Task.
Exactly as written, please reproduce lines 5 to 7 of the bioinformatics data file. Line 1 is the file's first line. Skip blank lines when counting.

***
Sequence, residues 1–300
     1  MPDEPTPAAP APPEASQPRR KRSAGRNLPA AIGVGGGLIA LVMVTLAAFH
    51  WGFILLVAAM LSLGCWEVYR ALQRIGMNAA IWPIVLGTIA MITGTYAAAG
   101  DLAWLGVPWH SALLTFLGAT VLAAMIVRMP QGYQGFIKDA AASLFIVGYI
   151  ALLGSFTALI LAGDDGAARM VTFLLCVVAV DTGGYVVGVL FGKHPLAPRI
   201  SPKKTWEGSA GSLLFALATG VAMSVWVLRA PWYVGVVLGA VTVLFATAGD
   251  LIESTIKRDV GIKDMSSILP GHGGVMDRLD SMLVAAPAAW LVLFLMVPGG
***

   151  ALLGSFTALI LAGDDGAARM VTFLLCVVAV DTGGYVVGVL FGKHPLAPRI
   201  SPKKTWEGSA GSLLFALATG VAMSVWVLRA PWYVGVVLGA VTVLFATAGD
   251  LIESTIKRDV GIKDMSSILP GHGGVMDRLD SMLVAAPAAW LVLFLMVPGG